In his Easter message, David Cameron again opened the debate on religion and its role in our national identity by urging the British people to “all stand together” to defend Christianity. Not the first time Cameron has championed Britain’s identity as a Christian country, much of this year’s message was regurgitated from Christmas and Easter addresses of previous years, with only the reference to the recent Brussels terror attack to deflect any accusations of a half-hearted copy-and-paste effort. We’ve heard it before, and this year David Cameron didn’t hold back, saying we should be proud to stand up and say, “we are a Christian country and we are proud of it”.
There was no public furore, most likely because Easter is technically a Christian celebration. And yet, a recent YouGov poll has revealed British people are more likely to believe in ghosts than in God. A survey of 23,4441 adults found that 46% of people regard themselves as not belonging to any religion, a figure that equals the percentage of Britons claiming to follow some form of Christianity. Why then, when as many people identify with Christianity as do with agnosticism and atheism, is Britain still labelled a Christian country?
For most people, Easter nowadays means little more than a long weekend off work and indulging in chocolate. Nowhere in the Lindt Gold Bunny is there represented the story of how Jesus died in agony for people that had betrayed him. No one wants to hear that, and quite frankly no one wants the guilt.It probably isn’t fair to hold today’sChristians up against the slightly
uncomfortable implications of a text written 2000 years ago. As is now being seen with the media attention given to Isis, it’s often extremist factions that misrepresent the religious community as a whole. There were, after all, many British Christians supportive of the legalisation of same-sex marriage back in 2014, despite the resistance of many religious institutions. However, part of the reason the label “Christian country” sits so uneasily with many is because it isn’t entirely clear what Christianity today means. The Prime Minister’s “Christian values” of “hard work, responsibility, charity, compassion” and “honouring social obligations” are so vague they could just as easily be applied to any other religion.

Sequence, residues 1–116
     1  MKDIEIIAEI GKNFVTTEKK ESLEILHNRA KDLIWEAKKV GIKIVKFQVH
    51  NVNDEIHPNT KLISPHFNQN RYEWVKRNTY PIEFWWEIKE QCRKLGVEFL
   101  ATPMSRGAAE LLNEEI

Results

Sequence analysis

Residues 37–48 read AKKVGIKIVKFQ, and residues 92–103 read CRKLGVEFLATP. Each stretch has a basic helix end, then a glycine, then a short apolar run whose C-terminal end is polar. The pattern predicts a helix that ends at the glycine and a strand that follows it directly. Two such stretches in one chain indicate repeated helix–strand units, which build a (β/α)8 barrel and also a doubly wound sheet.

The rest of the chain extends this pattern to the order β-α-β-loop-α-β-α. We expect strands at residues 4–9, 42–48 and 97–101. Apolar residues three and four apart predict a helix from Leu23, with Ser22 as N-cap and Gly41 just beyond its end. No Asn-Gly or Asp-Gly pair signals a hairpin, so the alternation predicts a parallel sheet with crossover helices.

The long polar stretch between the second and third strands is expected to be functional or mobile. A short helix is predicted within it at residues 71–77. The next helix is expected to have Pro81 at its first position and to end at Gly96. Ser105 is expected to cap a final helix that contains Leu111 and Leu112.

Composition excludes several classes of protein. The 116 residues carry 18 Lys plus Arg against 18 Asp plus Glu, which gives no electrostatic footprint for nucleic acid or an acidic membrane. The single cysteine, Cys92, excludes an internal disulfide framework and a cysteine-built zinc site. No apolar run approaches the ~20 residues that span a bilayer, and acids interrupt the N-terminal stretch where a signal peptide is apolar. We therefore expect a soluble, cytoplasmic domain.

So, if we don’t know what it means to be a Christian nation, why do we persist in viewing Christianity as inseparable from ‘Britishness’? ‘Because that’s the way Britain has always been’ seems the easiest answer, and the argument most drawn upon in the face of a ‘flood of migrants’ that for many threaten to change our way of life. And maybe because we’re not entirely sure on what ‘Britishness’ is either. Historically defined by its dominance over nearly the whole of the globe, Britain has long lived in the shadow of its Empire. Christianity was very much a part of this, albeit largely as a cover up to disguise exploitative capitalism as a ‘civilising mission’. As Britain comes to terms with forming a new identity, Christianity at first seems to offer a semblance of continuity in an uncertain future.Yet, in calling Britain a “Christian country’” there runs the risk of being dismissive of the past of which we should be very careful. Britain is very much in a transition phase, and until we work out what it means to be British and the part Christianity should have in this, maybe David Cameron should leave Christianity out of his political rhetoric for the time being.